Golden Years, Cherished Memories

MemoriesAging, for most, is a harsh realization. One day you’re in your prime the next you wake up older, a bit gray…a little slower. Time has suddenly slipped past. Somewhere between active and early morning stiffness, the line between middle age and elder blurred.

Albums line  bookshelves and walls  are covered in generations of photos that leave nail holes and dusty shadows on the paint.

I recently installed an emergency alert button for an aging friend’s mother.  Once the unit was installed I pulled the button from the box. My friend’s mom stood staring at her living room wall covered in family photos.

“Here’s your button. Just slip it over your head and wear it 24/7.” Her stare deepened and I could tell she’d not heard me. “You okay?” I asked.

She jerked. “Oh, I’m sorry. I was just looking at my family.”

“And they’re a beautiful family.” For the next half hour the woman pointed to photos sharing the relationship and sweet stories about each one. Before I knew, we were on the coach thumbing through old photos of her husband during World War II. For this woman, her walk through the family albums were bathed in the richness of cherished memories.

There is more to our elderly than creaking bones and sagging skin. In them we find our history. Our connection to what once was…different times, stronger values, ethics that seem to have slipped away from younger generations. Wisdom. Strength. The ability to seek out hope in a time when hope seemed fleeting. These are moments, we as baby boomers need grasp  and hold.

Our world pushes us into an extensive busyiness, that in turn, forces us to allow the valuable moments found in our aging parents to slip past. We are their legacy, their contribution to the world.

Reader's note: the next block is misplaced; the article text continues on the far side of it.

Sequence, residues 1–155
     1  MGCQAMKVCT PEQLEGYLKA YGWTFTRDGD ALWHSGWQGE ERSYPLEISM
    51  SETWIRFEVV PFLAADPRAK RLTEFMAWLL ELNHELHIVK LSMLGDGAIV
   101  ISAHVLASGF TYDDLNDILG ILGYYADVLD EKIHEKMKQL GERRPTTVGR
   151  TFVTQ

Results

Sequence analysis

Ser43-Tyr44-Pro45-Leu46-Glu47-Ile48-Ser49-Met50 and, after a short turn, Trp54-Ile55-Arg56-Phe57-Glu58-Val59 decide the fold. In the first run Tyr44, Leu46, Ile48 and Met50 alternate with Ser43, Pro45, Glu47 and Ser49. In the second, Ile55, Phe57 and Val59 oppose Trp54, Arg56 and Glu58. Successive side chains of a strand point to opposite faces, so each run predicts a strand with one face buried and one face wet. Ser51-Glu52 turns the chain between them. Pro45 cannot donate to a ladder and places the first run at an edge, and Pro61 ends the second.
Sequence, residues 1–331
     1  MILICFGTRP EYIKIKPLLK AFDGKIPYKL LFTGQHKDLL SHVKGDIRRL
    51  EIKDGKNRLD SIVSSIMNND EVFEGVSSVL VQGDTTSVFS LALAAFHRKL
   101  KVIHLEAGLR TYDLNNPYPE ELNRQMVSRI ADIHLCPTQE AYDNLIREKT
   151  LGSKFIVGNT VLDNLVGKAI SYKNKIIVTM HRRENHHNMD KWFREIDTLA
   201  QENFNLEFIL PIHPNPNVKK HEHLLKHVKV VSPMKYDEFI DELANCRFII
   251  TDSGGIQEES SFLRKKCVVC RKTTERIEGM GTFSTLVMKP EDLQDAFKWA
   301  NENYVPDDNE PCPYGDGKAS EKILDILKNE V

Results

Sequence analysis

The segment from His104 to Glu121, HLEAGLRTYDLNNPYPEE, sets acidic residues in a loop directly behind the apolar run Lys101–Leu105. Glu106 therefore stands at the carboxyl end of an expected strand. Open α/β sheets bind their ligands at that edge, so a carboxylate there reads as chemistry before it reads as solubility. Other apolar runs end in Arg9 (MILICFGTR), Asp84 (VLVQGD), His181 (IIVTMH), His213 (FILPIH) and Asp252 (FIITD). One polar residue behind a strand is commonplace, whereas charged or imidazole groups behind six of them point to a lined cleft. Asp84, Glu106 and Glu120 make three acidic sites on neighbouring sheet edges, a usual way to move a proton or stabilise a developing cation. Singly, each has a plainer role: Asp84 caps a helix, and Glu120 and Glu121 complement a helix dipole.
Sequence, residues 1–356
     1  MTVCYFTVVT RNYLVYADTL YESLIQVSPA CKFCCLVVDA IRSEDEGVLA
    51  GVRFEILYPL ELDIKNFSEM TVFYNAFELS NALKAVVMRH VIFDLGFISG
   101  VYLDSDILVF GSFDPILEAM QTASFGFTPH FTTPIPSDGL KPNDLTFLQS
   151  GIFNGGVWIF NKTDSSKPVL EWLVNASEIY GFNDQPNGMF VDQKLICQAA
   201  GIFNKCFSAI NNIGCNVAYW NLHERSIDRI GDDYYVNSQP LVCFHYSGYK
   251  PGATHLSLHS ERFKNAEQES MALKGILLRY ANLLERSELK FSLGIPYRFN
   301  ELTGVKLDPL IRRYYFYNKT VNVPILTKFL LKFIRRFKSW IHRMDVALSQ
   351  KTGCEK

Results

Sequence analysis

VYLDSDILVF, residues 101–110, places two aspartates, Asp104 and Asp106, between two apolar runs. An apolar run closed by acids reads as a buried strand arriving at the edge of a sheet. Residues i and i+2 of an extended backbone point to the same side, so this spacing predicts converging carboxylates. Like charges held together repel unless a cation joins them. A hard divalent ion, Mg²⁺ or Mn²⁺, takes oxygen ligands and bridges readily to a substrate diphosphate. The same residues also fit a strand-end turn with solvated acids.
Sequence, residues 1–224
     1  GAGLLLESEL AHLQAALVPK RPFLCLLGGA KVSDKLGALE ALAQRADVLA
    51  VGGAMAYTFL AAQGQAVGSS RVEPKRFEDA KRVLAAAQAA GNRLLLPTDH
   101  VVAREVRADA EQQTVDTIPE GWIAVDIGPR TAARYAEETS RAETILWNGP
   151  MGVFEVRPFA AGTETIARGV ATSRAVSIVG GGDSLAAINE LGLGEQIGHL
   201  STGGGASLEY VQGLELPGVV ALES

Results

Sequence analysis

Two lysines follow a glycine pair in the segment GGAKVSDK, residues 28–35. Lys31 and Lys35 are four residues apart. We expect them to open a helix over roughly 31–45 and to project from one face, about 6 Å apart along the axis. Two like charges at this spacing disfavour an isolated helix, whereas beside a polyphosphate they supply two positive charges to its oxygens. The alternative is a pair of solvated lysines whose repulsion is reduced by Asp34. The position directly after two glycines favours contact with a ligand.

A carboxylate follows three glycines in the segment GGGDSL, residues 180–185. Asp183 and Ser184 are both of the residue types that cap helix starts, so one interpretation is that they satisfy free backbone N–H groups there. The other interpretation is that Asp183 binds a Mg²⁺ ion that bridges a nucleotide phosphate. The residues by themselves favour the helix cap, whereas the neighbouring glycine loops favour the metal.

Take time and enjoy the richness found in your parents and grandparents. If you are fortunate enough to still have great grandparents, then do not let the opportunity pass to know the little things about them. Your life will be blessed and your appreciation for them and their struggles will become real. In the midst of the dusty photos, you’ll find the deep love and sacrifice our seniors have made so our lives are better.

Our parents and grandparents deserve the best. Care for them as such.

One thought on “Golden Years, Cherished Memories

  1. Great, insightful post! Our generation did a variation on the theme. Cousins (ages 60-87) had a get-together luncheon and shared photos of our parents and grandparents, aunts and uncles–often unnamed. I blogged about it on 8/21/12: “Generations share photos and family history.” The older cousins loved it as did we, who learned so much as we thumbed through old albums and boxes of photos together. All agreed we didn’t have enough time, needed to do it again, and it would have been wonderful to have done this years before with the even older generation before they were gone.

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